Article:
Rocking Around a Rocking Ship
March 7, 2009
Delicate instruments and glass jars of chemicals were not designed with
stability in mind, but stability is important while on a rolling ship at
sea. The first day of the cruise has been calm; we are passing south along
the southern end of Argentina, and the land provides protection from waves
and wind that cause the ship to roll. The calm will not last, however, so
we spent the day tying down every movable object on the ship. Sensitive
instruments sit on air-cushioned pads that protect them from bumps and
rolls that knock them out of calibration. No tools are left on the
counters where they can slide off; all are locked inside of toolboxes,
which are themselves tied to the walls. Large instruments like the towfish
and the ROV are strapped tightly to the ship so they do not shift.
Photo by Christine Huffard
To secure all of this equipment, a small repertoire of lines and knots are
important for every seagoing person; so far, two knots are being used in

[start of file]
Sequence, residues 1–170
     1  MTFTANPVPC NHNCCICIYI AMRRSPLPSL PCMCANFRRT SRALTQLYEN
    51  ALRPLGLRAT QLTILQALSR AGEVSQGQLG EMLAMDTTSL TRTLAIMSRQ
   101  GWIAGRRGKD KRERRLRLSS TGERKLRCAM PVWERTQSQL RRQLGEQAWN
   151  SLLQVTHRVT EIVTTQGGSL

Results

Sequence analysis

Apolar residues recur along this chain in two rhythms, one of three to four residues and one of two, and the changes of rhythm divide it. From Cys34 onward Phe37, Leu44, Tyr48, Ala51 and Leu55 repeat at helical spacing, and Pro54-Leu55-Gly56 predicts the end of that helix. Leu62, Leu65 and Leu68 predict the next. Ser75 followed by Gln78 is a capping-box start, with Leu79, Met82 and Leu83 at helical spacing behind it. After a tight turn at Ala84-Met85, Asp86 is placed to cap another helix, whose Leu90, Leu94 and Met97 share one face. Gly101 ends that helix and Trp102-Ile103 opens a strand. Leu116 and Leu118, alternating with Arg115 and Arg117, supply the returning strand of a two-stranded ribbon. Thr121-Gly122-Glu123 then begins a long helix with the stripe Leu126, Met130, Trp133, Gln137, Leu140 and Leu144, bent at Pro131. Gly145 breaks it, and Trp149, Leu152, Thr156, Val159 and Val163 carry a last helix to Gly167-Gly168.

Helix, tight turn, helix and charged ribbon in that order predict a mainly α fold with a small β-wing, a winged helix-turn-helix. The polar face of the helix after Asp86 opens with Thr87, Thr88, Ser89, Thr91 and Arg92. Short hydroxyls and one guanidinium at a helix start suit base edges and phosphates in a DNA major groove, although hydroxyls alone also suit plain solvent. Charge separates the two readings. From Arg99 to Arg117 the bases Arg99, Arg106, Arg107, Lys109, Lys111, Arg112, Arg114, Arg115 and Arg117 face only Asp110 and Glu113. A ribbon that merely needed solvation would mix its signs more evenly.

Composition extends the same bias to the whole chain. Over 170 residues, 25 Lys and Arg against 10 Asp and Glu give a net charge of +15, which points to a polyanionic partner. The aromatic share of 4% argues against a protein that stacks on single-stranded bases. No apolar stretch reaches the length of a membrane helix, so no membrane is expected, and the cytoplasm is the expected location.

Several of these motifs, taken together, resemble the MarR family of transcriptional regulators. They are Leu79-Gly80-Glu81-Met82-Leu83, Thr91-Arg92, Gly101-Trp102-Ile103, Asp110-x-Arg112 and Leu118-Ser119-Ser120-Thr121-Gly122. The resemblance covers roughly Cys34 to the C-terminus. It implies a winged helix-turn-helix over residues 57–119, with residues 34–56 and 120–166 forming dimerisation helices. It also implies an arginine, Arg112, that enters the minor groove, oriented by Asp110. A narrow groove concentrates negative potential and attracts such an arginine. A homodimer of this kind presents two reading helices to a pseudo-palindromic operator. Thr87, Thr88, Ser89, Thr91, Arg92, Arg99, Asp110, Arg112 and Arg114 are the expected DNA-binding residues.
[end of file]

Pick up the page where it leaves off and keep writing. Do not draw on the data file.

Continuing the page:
abundance on the ship. The first is the bowline, which creates a loop at the end
of a piece of line. The loop, or “eye,” is used to tie two lines
together, can fasten a line to a hook in a wall, or provide a means for
hanging lines off of objects. The trucker’s hitch is an important knot for cinching down
objects tightly—many boxes were secured today with trucker’s hitches.
This knot can be pulled very tight, creating a secure hold-down without the
need for buckles or straps.
Another important knot is the butterfly or alpine knot, which creates an eye like the bowline, but in the
middle of the line instead of at the end.
All of these knots have been used at sea for hundreds of years, and are
still being used to stabilize our gear for the rough seas ahead. Sleeping
quarters are arranged for rolling seas as well. Beds are aligned starboard
to port, ensuring that people don’t roll out of bed in rough seas.
Showers have handles to grab onto if the ship starts to lean, and handles
line the hallways for stability as well.
Finally, a good rule of thumb is for each person to remain aware of their
own stability: “one hand for you, one hand for the ship at all times.”
That means that one hand must always be free to grab for the walls or a
stable surface in case the ship rolls or pitches unexpectedly. If someone
is carrying something that requires two hands, it is safer to ask for help
from someone else so that one hand can be free, if necessary.
— Amanda Kahn